When animating zooms into the Mandelbrot set, choosing a centre point is rather crucial to obtaining a satisfactory result. If poorly chosen, the animation will often result in an indefinite zoom into blackness. For example, zooming directly into the centre of the Mandelbrot set would be somewhat dull. To fix this, we could implement a system which analyses the previous frame and subsequently makes small adjustments to the centre point in order to ensure that we keep zooming into something of interest. The system could then be left computing with less supervision, zooming into the Mandelbrot set until it ran into errors due to floating point precision. This would also require suitably increasing the maximum number of iterations per pixel as we zoom in, so as to ensure that we retain some level of detail.

To further increase the computation speed of this program, one could use the worker pool design pattern to distribute work across a cluster of computers such as Raspberry Pis. Alternatively, or even additionally, the program could be rewritten to leverage GPU acceleration, although such a program would inherently be more tailored to a specific computer. Another way to speed up computation of the Mandelbrot set is through perbutation theory. Ultra Fractal now supports the ‘perbutation calculation algorithm’ which allows you to approximately calculate the iteration for points close to a point that has already been calculated. This algorithm was first discovered and implemented by K.I. Martin and the mathematics and algorithm are detailed on the SuperFractalThing website.

These techniques of parallelisation could be applied to similar fractal structures and dynamical systems in the complex plane such as Julia sets.

### Update (circular colouring)

I have implemented some more colouring algorithms into the C++ class. These are all circular colouring algorithms which loop the provided colour palette around the origin as shown in the picture below. The colour is chosen based on the hue and saturation from the colour palette and then luminance is chosen based on iteration count so that we can see the Mandelbrot structure. I have implemented this with a normal colouring algorithm as first described, as well as a histogram version and smooth version using similar techniques to before.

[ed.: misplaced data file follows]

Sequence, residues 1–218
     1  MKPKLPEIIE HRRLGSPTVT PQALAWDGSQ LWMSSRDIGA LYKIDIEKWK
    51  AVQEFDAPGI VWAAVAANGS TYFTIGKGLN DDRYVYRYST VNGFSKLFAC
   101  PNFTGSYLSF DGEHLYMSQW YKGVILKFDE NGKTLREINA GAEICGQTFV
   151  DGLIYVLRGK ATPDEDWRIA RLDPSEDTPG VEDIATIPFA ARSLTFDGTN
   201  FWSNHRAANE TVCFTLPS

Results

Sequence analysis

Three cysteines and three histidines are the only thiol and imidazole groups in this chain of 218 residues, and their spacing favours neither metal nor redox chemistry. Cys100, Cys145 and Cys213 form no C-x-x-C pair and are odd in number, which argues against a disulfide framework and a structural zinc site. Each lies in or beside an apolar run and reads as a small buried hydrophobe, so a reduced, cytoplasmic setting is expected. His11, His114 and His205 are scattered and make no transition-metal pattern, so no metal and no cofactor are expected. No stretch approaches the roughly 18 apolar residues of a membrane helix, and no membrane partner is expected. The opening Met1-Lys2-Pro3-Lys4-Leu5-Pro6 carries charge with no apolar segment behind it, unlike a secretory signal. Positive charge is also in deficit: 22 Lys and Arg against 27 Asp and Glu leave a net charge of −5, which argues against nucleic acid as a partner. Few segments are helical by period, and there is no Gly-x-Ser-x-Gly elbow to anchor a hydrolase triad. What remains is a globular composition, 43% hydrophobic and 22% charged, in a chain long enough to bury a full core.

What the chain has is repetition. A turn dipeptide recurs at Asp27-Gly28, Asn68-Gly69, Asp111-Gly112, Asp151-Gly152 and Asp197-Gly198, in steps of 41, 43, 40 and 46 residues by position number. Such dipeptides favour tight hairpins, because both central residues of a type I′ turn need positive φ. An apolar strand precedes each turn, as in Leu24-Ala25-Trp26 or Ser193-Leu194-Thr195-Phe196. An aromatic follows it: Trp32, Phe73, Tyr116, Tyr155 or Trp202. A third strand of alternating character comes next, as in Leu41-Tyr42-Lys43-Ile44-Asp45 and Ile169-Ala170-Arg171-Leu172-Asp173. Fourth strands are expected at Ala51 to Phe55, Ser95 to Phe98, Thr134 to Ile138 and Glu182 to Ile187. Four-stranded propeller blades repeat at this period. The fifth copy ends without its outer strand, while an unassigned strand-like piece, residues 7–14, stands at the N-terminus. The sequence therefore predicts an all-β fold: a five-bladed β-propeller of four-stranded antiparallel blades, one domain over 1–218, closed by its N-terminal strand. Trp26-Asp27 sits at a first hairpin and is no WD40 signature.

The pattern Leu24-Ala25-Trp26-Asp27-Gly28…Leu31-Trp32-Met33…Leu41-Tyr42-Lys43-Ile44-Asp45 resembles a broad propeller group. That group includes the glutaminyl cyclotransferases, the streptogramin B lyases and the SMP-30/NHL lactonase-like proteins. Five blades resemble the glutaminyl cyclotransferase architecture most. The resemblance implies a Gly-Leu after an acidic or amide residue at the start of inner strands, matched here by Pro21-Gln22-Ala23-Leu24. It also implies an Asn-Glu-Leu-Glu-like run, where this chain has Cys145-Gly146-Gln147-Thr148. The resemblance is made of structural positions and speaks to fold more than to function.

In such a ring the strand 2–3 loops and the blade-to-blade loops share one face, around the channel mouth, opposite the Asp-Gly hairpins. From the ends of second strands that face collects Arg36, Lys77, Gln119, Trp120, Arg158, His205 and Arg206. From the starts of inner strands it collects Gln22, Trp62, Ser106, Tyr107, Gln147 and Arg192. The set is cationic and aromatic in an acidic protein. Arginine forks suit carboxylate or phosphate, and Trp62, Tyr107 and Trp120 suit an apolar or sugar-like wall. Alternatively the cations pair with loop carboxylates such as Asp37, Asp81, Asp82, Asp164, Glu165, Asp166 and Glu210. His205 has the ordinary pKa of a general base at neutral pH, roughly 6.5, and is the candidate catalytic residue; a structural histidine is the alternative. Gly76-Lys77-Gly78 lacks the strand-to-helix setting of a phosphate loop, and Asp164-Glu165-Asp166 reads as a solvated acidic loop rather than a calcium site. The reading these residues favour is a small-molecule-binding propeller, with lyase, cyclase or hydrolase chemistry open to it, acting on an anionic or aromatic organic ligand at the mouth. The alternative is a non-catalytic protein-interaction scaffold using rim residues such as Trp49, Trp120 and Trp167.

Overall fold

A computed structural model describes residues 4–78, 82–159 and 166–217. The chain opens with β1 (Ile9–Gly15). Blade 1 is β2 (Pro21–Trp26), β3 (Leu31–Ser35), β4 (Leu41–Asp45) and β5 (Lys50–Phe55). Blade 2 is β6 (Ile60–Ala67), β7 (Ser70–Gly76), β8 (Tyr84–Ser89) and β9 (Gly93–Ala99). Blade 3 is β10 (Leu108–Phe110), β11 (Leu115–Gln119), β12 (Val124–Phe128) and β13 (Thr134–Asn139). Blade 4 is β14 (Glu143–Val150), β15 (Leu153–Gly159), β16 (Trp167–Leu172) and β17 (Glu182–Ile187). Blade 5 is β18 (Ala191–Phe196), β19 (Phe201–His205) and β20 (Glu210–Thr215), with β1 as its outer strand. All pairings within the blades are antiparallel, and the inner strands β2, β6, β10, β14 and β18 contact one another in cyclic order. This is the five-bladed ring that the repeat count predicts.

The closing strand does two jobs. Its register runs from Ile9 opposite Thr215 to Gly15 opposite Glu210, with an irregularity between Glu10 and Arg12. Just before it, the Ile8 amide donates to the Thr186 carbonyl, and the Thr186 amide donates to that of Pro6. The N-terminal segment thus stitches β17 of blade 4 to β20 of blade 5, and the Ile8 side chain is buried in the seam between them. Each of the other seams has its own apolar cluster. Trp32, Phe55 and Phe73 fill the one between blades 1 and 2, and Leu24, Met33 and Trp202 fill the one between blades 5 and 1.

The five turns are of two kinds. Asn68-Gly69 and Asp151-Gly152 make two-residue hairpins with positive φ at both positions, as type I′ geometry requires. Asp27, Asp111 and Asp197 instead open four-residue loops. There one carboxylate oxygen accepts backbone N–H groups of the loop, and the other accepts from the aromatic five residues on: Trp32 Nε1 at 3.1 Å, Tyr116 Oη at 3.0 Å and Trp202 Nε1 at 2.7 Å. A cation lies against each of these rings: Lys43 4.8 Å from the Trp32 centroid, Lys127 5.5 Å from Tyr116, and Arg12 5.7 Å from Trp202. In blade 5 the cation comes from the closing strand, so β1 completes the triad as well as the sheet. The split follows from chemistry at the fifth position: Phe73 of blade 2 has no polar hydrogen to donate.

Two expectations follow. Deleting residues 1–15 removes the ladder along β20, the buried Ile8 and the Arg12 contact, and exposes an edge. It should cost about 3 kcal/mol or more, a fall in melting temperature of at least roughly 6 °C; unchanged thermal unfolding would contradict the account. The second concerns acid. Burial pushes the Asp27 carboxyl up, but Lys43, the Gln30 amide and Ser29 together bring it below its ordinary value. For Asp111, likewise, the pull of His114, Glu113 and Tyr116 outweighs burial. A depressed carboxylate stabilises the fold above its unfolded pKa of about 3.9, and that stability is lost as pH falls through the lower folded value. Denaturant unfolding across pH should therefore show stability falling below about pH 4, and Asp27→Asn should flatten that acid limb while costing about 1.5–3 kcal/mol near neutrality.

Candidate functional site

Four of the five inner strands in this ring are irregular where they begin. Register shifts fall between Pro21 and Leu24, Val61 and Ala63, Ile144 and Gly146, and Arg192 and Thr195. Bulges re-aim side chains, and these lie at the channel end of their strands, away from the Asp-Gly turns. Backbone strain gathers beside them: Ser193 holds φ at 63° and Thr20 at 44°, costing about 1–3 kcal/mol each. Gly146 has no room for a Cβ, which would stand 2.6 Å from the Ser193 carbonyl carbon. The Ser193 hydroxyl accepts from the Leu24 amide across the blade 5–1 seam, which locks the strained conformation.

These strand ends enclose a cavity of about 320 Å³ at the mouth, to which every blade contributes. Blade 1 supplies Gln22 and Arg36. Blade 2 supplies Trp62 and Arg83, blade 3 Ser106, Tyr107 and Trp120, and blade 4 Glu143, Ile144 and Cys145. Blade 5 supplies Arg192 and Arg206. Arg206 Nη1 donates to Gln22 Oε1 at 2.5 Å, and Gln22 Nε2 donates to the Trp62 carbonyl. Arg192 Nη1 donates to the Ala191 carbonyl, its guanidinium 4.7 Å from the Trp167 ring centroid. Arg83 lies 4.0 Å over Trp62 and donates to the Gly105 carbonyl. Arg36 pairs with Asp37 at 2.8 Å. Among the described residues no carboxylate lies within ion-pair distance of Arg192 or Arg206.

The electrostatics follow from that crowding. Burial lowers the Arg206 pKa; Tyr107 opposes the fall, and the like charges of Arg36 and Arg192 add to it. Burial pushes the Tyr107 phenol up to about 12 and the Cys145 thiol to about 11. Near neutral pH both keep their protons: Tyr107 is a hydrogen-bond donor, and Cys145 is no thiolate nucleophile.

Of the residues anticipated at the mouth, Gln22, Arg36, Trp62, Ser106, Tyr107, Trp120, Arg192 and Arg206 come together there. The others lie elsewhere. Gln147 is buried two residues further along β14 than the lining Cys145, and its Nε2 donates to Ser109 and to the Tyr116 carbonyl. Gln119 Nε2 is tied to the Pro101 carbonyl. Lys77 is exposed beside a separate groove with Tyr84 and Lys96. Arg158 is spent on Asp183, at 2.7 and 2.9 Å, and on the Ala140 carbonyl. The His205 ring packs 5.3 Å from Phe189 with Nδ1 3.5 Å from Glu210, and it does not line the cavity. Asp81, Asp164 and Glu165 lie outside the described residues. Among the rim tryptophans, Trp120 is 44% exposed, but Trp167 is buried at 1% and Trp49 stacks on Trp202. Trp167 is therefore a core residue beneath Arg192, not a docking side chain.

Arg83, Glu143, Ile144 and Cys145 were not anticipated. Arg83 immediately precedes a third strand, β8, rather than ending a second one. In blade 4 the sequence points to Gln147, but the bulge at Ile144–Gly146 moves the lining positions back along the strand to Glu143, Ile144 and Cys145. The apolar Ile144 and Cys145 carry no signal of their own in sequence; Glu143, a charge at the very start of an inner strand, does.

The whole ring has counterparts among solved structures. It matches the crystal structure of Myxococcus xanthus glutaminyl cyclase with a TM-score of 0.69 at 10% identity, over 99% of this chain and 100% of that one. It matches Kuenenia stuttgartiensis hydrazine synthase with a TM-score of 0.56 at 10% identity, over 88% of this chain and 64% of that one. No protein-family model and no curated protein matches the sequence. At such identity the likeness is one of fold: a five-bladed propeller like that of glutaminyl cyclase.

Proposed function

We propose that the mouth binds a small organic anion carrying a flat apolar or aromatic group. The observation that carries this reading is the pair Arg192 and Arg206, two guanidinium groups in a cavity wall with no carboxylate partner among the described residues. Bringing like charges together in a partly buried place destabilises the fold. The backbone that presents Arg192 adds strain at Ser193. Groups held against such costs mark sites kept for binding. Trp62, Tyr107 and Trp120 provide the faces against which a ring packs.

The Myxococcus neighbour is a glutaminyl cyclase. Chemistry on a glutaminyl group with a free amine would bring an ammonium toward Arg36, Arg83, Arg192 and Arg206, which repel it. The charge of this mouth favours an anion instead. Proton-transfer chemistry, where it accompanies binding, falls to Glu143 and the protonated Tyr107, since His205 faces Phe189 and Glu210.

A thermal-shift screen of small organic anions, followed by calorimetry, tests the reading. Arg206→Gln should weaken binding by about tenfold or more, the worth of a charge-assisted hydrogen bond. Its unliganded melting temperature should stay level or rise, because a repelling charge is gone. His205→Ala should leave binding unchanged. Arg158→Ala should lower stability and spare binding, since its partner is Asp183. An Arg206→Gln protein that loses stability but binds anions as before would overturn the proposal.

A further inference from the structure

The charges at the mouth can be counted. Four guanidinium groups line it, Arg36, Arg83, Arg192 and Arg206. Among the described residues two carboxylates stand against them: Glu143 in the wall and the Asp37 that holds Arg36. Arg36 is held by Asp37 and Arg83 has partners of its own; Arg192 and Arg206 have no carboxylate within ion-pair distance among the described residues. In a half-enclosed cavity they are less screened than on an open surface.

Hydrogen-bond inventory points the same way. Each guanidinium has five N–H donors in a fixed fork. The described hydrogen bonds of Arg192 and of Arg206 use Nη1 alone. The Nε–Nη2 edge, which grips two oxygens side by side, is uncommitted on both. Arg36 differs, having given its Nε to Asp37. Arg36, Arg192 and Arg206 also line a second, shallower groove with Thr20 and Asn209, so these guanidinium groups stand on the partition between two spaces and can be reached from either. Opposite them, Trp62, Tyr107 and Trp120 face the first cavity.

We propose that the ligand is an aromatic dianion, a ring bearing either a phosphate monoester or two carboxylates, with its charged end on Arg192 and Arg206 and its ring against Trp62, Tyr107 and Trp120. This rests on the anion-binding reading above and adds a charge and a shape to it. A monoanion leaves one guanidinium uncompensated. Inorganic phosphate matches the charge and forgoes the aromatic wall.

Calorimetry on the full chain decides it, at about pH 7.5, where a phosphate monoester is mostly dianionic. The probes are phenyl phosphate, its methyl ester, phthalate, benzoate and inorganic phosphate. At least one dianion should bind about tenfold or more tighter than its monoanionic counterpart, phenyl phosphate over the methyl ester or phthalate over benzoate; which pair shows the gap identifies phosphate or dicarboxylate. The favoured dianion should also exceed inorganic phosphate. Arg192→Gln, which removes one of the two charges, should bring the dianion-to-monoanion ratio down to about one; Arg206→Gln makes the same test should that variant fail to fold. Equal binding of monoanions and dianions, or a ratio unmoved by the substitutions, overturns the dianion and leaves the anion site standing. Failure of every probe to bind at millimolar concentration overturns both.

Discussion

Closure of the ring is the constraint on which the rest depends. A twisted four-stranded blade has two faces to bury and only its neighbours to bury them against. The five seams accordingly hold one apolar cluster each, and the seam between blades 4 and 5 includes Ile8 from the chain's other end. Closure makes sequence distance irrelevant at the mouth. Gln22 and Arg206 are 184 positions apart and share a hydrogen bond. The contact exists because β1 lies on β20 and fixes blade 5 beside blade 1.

In the above picture I used a palette which loops around hue from 0 to 360 degrees with saturation fixed at 50%. Obviously the colouring effect is centred at the origin so as you zoom in the colouring will become monochromatic, but the shading will still reveal the structure of the Mandelbrot set.

### Update (MPI)

I have recently built a small super-computer consisting of four Raspberry Pi 4s. As such, I have started the work of translating this code to MPI so that the workload can be distributed across a list of computers on the network via SSH. While this is still in its infancy, the code is available here. At the moment the code distributes the workload a row at a time> However, in principle, we could write the code in serial to compute an entire frame, based on command-line parameters, and then distribute the work via GNU Parallel.

### Useful Resources

- Renormalising the Mandelbrot Set - Read more about smooth colouring of the Mandelbrot set
- Coloring Dynamical Systems in the Complex Plane - Read more about colouring algorithms for dynamical systems
- Thread Pools on Wikipedia - A basic background on the thread pool design pattern
- Interactive Web Mandelbrot Explorer - Particularly useful for finding intersting points to zoom into
- Ultra Fractal - Excellent piece of software, used for generating images of a variety of fractals including the Mandelbrot set
- SuperFractalThing - First implementation of the perbutation calculation algorithm